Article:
archery huntingDear MAHA Staff,
I thought I would drop a note and tell you about my Archery whitetail hunt. Dad and I drew tags and were excited about finally getting to hunt [location deleted]. We hunted a total of 10 days since the beginning of the season. It was great hunt on some truly fantastic ground. Frustrating at times but it is hunting and not shooting.

My first several days I spent "scout hunting." I love to use my climbing stand to climb up the highest "telephone pole" tree to get a great view of the property. This also leaves minimal scent and is very unobtrusive. I saw many deer those first few days but no "shooters" were close enough. Took plenty of pictures. I noticed that most deer traveled from this woodlot through a wash-out area in the cornfield. I decided to move my stand.

I placed my stand on the corner of 2 fences in an area of very thick brush. This represents an "easy in and easy out" stand site without disturbing deer and leaving much scent. Perfect! The only problem is that I will have to wait for a NW wind. Back to Minnesota so I can finance my hunting trips. Work is highly overrated!

Three weeks later I was now in the new stand site. I saw many quality bucks. In fact, I saw a buck bigger than 130 on all but 1 day I hunted this farm and most of those days I could have killed. I pardoned 1 10 pointer in the mid 130's 5 times over the course of my hunting.

On the second day, I saw a limping buck that was approximately 145 sneak out of the woods and into the corn. He slowly made his way to me and at 23 yards broadside I released. I don't really know where that arrow went but surely it wasn't into the buck. He walked off and went back into the woods. The jerk!

We publish all feedback sent to us with the intent of being shared to include that which may be considered negative. We never want to oversell the organization and this letter like others before it allow us the opportunity to tell how the world is not perfect.

On day 3, a rather irate farmer told me I was trespassing. I showed him my map and I still feel I was on MAHA property. However, I moved my stand 50 yards up the wood line to avoid anymore confrontations. This was my last day on this trip and the new stand set-up will prove to be fortuitous.

Two weeks later Dad and I are back in [location deleted]. He did his whitetail management duty and arrowed a doe-a-saur-us at 10 yards. He hasn't shot a buck yet but he waits for the real big ones.

This trip was filled with terrible weather. Winds in the 30 to 40 MPH range for most of the 4 days and periods of rain. I still managed to see plenty of deer. On day 3, I saw a large buck working a scrape line north of me but heading away.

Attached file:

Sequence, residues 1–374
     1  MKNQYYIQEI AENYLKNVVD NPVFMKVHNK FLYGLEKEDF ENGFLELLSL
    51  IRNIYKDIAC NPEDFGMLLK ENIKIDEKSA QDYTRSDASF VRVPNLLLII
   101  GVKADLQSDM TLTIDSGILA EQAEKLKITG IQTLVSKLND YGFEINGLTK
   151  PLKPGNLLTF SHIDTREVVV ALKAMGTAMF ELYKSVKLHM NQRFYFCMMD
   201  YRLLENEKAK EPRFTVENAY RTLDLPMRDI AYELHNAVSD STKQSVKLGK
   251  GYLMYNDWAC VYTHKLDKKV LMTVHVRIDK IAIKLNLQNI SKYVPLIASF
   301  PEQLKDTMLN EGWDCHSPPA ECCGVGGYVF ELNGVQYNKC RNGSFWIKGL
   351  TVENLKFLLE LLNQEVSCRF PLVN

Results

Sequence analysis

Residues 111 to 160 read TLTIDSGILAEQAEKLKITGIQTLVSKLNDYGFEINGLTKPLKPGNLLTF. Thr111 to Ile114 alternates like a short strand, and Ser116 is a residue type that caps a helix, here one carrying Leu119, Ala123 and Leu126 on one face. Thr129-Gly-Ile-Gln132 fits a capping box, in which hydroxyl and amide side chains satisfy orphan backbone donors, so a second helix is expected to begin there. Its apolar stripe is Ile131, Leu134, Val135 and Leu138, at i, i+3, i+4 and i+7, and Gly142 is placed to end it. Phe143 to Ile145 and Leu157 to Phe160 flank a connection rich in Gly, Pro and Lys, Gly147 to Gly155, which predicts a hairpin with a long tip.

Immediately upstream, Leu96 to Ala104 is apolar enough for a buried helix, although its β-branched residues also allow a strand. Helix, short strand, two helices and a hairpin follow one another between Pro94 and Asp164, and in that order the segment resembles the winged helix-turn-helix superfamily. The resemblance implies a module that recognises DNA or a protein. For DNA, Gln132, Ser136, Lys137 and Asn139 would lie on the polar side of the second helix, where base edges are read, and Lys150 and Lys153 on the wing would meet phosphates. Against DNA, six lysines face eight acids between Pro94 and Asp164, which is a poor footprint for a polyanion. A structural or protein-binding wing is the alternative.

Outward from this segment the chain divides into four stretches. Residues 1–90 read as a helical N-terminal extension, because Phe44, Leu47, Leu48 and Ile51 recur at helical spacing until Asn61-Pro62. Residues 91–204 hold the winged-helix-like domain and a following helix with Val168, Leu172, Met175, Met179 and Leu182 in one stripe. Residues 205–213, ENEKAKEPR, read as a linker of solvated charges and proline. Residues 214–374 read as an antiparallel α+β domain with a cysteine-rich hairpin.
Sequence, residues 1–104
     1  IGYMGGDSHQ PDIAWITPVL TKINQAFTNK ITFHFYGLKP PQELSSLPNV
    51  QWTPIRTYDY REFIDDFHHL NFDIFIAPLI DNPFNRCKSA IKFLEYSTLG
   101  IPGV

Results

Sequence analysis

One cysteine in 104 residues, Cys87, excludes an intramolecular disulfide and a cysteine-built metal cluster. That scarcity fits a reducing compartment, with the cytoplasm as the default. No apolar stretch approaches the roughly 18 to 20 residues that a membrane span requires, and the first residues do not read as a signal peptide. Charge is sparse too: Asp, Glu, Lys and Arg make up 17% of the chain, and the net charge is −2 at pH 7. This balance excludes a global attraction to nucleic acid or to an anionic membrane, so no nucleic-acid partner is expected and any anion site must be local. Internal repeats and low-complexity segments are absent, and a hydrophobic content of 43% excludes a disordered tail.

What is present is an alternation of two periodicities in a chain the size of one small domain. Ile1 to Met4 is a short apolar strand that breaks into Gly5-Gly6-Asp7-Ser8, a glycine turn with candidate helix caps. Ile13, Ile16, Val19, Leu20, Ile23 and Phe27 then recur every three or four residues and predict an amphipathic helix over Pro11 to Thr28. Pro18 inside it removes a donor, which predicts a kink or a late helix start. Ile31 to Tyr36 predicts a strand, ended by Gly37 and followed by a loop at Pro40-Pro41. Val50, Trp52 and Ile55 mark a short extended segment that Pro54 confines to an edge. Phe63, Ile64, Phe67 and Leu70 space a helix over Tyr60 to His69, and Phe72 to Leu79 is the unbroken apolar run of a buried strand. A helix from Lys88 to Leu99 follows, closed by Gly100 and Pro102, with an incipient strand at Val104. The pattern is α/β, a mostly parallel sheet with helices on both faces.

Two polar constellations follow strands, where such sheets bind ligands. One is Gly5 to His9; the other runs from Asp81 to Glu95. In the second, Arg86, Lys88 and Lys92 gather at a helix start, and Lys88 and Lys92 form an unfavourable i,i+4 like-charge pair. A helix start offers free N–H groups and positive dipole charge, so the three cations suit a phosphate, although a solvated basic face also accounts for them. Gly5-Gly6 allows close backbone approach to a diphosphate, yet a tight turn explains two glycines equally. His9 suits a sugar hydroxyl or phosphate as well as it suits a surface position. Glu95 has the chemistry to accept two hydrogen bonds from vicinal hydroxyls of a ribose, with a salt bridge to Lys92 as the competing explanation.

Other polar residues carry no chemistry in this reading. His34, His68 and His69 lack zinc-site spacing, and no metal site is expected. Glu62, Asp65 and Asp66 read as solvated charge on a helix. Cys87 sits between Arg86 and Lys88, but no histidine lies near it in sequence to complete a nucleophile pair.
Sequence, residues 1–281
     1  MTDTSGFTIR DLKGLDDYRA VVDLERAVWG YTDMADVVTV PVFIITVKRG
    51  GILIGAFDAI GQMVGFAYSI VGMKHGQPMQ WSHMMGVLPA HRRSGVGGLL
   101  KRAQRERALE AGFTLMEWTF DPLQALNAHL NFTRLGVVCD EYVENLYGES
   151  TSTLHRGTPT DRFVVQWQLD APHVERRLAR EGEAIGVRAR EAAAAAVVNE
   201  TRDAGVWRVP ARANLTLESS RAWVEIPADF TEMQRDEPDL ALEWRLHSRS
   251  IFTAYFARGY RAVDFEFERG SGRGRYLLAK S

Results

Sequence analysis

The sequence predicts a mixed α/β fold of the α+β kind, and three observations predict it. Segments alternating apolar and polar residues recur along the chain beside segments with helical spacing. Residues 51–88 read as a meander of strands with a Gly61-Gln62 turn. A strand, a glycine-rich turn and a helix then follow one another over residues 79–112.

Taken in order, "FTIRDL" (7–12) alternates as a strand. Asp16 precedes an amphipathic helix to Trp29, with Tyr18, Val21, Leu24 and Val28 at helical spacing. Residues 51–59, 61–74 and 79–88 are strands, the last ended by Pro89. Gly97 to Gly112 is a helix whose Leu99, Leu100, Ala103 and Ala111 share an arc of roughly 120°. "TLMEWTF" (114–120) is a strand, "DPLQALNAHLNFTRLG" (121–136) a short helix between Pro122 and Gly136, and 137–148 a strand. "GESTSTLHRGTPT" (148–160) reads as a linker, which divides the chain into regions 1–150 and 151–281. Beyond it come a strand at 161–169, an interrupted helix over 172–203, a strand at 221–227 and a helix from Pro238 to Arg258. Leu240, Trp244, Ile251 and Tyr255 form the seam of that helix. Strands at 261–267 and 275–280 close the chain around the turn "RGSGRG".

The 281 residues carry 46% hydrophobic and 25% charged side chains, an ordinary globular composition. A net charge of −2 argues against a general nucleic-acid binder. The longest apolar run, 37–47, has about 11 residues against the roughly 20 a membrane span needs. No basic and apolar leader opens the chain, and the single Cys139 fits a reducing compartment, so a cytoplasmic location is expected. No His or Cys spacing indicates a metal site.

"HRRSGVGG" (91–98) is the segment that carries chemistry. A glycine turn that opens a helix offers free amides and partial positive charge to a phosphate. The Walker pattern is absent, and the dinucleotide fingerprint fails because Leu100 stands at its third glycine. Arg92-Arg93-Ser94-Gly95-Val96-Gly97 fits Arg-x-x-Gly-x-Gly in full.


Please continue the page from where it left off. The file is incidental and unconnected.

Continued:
deerThe weather was terrible the next morning so we slept in. We headed out to our stands at 10 am. At noon, I had a 125 incher rubbing on the cedar below me for 30 minutes.

I then spotted him about 100 yards away eating corn. He slowly and methodically worked toward me. When he was about 50 yards, he saw my doe silhouette decoy and he locked on her. He stopped 3 feet from the decoy and started sensing that something was amiss. I was already at full draw and the arrow was on its way. Twelve yard shot. He scored 164 and had a broken right G4. I would love to see the buck that broke his antler!

Overall, we had a fantastic hunt and overcame some adversity. We will be back in late December and perhaps my Dad will get a crack at a big one. If not, I will take home some more tasty doe. Thanks again MAHA for providing outstanding farms for us to hunt and enjoy.

I have attached several pictures of the area and my decoy.



Always good to see the terrain where a harvest actually occures, thanks.


Thank you Chris for a great hunting account of details we all like to read about in"real" rather than caretaker magazine article hunts, the story makes the great pictures all the better. Thank you to your dad for harvesting a doe, we always like to hear about that.

For the rest of us that think we are too busy for a hunt or one more trip to hunt during the season understand that Chris is an ER doctor, travels thousands of miles to scout and hunt, shows us that life is about not working to work more. For me, I like a doctor that has a hunting background to work on me rather than one that seeks stress relief from other sources.


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